Hotel Review: Hotel Jen
One man’s experience of the city’s sleekest hotel
I received a call a few days ago from a Marie Estember, the communications coordinator at the newly rebranded Hotel Jen. She sounded distinctly Filipino, and there was a certain conviviality in her tone. She briefly introduced herself and asked me to text her my email address, which I did. Nothing happened for a couple of days and then, on Saturday, I received an email inviting my wife and I to a ‘sleep over’ at Hotel Jen the next day. The invitation was colourful, droll; they had even spelt January with an E. Is this all part of the new persona that the hotel wished to project?
We arrived at the hotel at half past two; the invitation said ‘2pm or thereabouts’. At the hotel’s renovated reception, underneath what appeared to be a curling, turquoise J, I was initially hesitant to introduce myself. “Hi, I’m here for the sleep over,” sounded a bit ridiculous as I ran it through in my head. But I need not have worried. Marie turned out to be right at the counter herself and greeted us warmly, telling us that they were waiting for other media personnel (who were, like me, also invited to the ‘sleep over’) to turn up. We were swiftly checked in by the reception staff, who gave us the room keys in a small J inscribed wallet, and were asked to settle in and come down for the media tour at three. “It won’t take up too much time,” said Marie showing us into the lift. “This is a small hotel, so fifteen minutes max.”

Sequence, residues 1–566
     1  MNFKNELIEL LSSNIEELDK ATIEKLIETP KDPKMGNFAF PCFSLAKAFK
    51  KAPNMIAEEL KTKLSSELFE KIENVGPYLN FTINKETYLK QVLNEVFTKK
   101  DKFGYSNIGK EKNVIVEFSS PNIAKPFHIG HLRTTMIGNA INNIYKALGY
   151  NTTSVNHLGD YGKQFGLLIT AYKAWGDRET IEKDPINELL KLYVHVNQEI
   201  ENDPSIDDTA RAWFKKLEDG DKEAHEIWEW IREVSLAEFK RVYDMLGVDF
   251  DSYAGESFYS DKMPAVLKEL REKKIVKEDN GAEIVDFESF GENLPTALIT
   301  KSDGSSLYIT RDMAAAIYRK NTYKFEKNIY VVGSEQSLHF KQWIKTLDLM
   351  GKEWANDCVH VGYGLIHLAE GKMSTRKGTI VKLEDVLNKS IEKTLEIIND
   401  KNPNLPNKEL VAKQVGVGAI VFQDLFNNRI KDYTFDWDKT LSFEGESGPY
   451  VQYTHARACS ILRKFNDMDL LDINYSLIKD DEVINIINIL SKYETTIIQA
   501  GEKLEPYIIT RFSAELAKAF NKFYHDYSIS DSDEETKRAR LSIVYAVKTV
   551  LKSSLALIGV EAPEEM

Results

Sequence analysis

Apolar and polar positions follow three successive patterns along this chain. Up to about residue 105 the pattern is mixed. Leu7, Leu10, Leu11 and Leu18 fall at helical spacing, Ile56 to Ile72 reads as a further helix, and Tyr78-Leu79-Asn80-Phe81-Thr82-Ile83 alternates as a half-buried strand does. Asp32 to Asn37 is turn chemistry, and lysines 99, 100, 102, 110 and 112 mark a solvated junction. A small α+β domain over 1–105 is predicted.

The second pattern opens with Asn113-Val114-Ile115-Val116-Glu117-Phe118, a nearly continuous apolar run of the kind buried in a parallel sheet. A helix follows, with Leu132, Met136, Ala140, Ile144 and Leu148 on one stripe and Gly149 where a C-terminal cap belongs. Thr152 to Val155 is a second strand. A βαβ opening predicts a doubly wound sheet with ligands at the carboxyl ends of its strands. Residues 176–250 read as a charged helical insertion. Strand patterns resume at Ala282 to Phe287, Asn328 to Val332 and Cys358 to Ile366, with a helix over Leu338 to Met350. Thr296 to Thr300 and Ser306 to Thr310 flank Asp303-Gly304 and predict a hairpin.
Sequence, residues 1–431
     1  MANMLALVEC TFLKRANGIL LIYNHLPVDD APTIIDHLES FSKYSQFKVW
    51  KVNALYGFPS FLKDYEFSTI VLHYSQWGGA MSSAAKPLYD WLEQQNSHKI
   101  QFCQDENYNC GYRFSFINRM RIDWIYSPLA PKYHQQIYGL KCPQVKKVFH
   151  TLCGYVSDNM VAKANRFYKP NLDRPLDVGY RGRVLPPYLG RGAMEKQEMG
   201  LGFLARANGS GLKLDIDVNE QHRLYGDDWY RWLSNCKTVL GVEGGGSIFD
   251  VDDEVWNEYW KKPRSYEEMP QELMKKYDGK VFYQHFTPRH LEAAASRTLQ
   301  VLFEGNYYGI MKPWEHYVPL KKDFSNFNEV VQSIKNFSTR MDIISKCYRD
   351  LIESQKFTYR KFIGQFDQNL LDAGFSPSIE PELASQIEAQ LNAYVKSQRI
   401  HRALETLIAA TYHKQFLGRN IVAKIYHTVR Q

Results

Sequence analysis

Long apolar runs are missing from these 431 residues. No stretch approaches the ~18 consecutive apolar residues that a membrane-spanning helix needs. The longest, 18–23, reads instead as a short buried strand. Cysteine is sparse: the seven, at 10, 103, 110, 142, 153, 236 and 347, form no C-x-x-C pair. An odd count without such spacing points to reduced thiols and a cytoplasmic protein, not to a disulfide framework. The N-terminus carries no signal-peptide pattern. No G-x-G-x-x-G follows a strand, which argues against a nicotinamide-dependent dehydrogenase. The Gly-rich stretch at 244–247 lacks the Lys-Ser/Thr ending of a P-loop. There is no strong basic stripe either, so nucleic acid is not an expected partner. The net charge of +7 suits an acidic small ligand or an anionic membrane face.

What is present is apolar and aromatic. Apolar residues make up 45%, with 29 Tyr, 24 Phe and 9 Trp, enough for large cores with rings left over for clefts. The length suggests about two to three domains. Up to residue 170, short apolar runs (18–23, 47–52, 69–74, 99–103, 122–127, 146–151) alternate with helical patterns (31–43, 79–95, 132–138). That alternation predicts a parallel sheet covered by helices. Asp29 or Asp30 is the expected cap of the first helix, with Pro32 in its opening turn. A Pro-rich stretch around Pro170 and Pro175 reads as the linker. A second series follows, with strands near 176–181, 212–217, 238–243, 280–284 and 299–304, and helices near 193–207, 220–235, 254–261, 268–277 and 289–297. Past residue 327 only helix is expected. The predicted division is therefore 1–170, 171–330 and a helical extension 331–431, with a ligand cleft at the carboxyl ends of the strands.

Our room was on the tenth floor. We found it at the end of a narrow, thickly carpeted corridor, with a small, colourful panel of seahorses embedded by the room number. Had it been there earlier? I had stayed at the hotel a couple of times in its previous incarnations but I couldn’t recall. The key card did not work though. But a couple of staff in blue-green uniforms turned up; I mistook them for security guards because of their badges (turns out these are nametags, part of the new Jen uniform). “Having a hard time getting in eh?” one of them, a Maldivian, said smiling and we agreed. He opened the door with his master key and said he will bring in some people to sort out the lock. “You might have to be moved to a different room if this doesn’t work out,” he said breezily. Our interaction had none of the stiffness that you might expect of a business hotel. It was relaxed, friendly. This was Jen.
The room was spotless and cosy, there weren’t any noticeable physical changes. The mini-bar had two bottles of water and a complimentary fruit container, the latter all peeled and ready to eat. A nice, thoughtful touch. (I learnt later from Marie that they did away with the expensive mini-bar content because they wanted guests to have the space to use them as fridges; to stash any food they brought into the hotel – a token of the active, economical, and possibly ‘Jen’ mind-set the hotel wanted to cater to). There was also a balcony, and a stretch of sea was visible from between buildings that were crowding the waterfront.
Leaving my wife to relax in the room, I went downstairs for the tour with my fellow media personnel. While in the reception I tried to spot the alterations. The old Panini café was blocked off (it is undergoing some renovation and will be opened as a more accessible place, even for smokers I later learnt). There was a mobile charging station with compartments for mobile phones by the counter. Marie highlighted other changes during the tour; the concierge area was replaced by seats for guests, and the lobby had a water dispenser which provided water infused with refreshing flavours. Touch-points, Marie called them. Points of interaction between the brand and clients. The staff were more genial; they called me by the first name. “This doesn’t mean that we’re compromising on service,” Marie emphasised.
The tour, conducted by Marie and the hotel’s Director of Sales, Aminath Hudha, covered the Lime Restaurant, whose new touch-points included free coffee and snack-box-to-go after breakfast, whereby a small basket of various pastries are provided by the restaurant,